According to Article 50 of the Lisbon Treaty, which provides a mechanism for countries choosing to withdraw from the European Union coupled with the correct procedures to be followed, such an Article allows for country’s to withdraw from the EU on condition that such is done in accordance with the specified country’s constitutional requirements. This would in itself lead to much debate in relation to whether the country’s constitutional requirements have been met as the United Kingdom does not have a codified constitution, meaning that there would be much room to argue what the constitutional principles are in this instance.
Some of these principles would be included is the requirement of there being no disputes in relation to the referendum itself. If there are any disputes arising from the result of the referendum, these would need to be resolved by a court of law. The EU Referendum Act provides a 6 week period for lodging such complaints.It is submitted that this would most definitely be the situation if the result of the referendum is to leave the EU.
After the UK has however complied with its constitutional requirements in this regard, the next step to the withdrawal process, according to Article 50 of the Lisbon Treaty, would then be for the UK to notify the European Council of its intention to withdraw. According to Article 50(2) of the Lisbon Treaty, an agreement has to be concluded in relation to the arrangements of the UK’s withdrawal from the EU together with the country’s future relationship with the European Union. Such an agreement would be negotiated in terms of Article 218(3) of the Treaty on the Functioning of the European Union.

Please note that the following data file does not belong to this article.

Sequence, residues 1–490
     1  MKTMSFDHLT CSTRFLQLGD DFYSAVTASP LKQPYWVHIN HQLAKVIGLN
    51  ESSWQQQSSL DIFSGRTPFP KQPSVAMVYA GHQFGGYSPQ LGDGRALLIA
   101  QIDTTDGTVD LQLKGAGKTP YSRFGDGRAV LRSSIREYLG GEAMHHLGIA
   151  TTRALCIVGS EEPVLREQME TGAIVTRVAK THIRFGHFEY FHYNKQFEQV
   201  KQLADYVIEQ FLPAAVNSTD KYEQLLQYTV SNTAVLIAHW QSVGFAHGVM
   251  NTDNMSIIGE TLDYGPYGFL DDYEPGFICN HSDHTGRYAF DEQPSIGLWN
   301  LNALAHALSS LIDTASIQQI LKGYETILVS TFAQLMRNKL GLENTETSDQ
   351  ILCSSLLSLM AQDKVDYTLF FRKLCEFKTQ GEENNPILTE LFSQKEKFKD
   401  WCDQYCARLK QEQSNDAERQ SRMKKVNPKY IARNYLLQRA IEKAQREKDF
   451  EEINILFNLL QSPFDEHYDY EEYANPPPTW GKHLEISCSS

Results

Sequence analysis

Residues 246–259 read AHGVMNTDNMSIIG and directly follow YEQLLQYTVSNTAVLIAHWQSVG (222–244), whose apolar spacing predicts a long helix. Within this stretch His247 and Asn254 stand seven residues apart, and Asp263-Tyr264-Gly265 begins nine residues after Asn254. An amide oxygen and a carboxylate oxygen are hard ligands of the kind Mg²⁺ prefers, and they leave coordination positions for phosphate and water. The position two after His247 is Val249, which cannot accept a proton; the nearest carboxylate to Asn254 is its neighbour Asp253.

From the date of such an agreement being concluded and entering into force, or within 2 years from the date of notification of intention to withdraw if there is a failure to conclude an agreement, any such treaties that were applicable to the UK whilst under the EU would cease to apply the UK will cease to be a member of the EU. The two year period may be extended by the European Union Council in agreement with the UK.
The agreement would then however require domestication in order for it to be binding within the United Kingdom, which such a process would take lengthy amounts of time to complete.
What about Existing Legislation within the UK?